This article by Laura Burkhalter and Manuel Castells explores the urban dimension of the current economic crisis, describes the failure of the city forms developed in the 20th century, and outlines a series of alternative proposals on transportation, housing, public space, and urban planning, to manage the crisis while improving the quality of life in the 21st century metropolis.
The global economic crisis has its roots in the speculative connection between the financial market and the housing market. The speculative schemes collapsed when the real estate bubble burst and the insolvency of the lending institutions was exposed. It followed the calling into question of the urban growth machine that has produced our flawed built environment in the last half century. Indeed, the crisis is not just financial or economic, but environmental, social and functional as well. It is the crisis of a model of urbanization that is not sustainable.
However, the depth of the crisis offers an opportunity to rethink the metropolis and to implement new urban planning strategies focusing on people´s needs and desires, and on environmental conservation, rather than on short-term profit.Thus, in this emergency situation we feel compelled to engage a debate on the new ways of urban planning and urban policy appropriate for the 21st century city, both to manage the crisis and to change the metropolis beyond the crisis. However, the depth of the crisis offers an opportunity to rethink the metropolis and to implement new urban planning strategies focusing on people´s needs and desires, and on environmental conservation, rather than on short-term profit. In this article we present a series of proposals having in mind the polycentric metropolis. We are not indulging in urban dreams, even if some of our proposals would appear to be so. We are proposing, as illustrations of a new urban way of thinking, a number of concrete initiatives in transportation, housing, public space, and urban planning at large, that, together, could open the path towards new spatial forms of living. We present these proposals, deliberately, in a tentative form. They are sketches rather than closed urban models. This is because they are intended as ideas to debate, as tools of intellectual innovation that we believe is previous to any action. Precisely because the situation is so serious, and the urban crisis so deep, we cannot afford to react without thinking. Indeed, investing more resources in the same urban model will lead to the same failed consequences, thus amplifying the extent of the crisis.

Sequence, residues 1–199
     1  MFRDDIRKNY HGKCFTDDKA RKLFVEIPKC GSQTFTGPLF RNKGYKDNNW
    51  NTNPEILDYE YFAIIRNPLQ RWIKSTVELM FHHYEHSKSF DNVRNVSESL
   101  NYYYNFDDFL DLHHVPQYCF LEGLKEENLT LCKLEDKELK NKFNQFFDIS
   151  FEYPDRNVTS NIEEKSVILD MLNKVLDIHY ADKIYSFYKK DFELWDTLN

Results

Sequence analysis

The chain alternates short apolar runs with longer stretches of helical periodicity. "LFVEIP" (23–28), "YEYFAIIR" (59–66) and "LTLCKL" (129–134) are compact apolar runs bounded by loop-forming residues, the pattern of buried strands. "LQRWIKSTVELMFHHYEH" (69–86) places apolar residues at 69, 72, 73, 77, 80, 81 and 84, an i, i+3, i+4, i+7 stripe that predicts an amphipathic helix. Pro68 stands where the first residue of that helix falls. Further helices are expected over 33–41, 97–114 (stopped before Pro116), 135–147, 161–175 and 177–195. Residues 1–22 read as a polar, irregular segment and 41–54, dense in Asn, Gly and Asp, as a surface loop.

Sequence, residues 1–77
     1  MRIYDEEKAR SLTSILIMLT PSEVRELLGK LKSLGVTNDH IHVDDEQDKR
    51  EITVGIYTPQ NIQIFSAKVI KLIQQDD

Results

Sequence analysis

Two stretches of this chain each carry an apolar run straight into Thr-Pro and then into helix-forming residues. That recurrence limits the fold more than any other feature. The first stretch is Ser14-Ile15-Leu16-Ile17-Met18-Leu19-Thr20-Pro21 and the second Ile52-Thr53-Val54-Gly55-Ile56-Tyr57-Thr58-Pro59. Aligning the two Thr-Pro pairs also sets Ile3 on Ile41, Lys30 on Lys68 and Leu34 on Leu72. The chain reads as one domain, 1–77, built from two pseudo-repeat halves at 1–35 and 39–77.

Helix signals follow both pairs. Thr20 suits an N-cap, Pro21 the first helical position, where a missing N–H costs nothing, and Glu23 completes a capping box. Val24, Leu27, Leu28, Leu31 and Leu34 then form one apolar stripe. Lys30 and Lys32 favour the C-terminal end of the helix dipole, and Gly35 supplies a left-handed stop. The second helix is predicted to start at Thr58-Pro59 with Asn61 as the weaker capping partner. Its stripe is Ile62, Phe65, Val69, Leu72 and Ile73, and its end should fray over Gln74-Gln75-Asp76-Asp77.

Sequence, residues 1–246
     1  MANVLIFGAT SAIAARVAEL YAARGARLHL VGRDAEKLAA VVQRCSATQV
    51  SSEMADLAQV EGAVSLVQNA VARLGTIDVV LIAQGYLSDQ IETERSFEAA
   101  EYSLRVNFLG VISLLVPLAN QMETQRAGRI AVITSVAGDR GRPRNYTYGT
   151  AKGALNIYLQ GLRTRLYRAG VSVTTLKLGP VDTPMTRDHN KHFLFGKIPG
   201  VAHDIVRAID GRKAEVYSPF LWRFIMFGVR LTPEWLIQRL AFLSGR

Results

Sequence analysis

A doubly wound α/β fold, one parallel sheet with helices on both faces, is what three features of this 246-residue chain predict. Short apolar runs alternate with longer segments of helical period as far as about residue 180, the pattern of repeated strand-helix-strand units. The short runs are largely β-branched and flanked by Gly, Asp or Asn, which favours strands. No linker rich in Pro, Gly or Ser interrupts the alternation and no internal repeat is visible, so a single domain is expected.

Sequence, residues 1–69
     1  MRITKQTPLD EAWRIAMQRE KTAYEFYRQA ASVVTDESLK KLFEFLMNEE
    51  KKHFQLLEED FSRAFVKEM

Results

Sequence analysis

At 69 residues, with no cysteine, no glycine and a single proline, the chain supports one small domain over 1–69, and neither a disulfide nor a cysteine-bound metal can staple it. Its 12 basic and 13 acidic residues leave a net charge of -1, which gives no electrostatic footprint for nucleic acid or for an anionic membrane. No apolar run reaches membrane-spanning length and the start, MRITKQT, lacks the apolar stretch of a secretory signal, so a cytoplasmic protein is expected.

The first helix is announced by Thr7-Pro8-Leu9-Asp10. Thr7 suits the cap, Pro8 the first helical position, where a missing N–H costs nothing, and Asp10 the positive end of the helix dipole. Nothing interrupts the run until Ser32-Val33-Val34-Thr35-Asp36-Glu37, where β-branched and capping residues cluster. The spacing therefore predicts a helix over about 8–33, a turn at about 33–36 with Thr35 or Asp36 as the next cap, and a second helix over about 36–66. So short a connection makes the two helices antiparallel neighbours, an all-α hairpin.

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Multi-tiered transportation artery w/bicycle freeway & linear park system as top tier
As part of an urban recovery plan we project a multimodal transportation system layered above the current automobile dominated transportation arteries and accessed via a network elevator nodes and feeder paths. This proposed system would effectively create bicycle highways and bicycle freeways and linear multiuse parks above the existing automobile thoroughfares and freeways for a complete network of safe, compelling and fast people powered transportation system. The space between the upper bicycle freeway and the lower automobile freeway may be used for high speed monorail lines for effective mass transit that is connected to the bicycle freeways as well as automobile routes and can complement their use.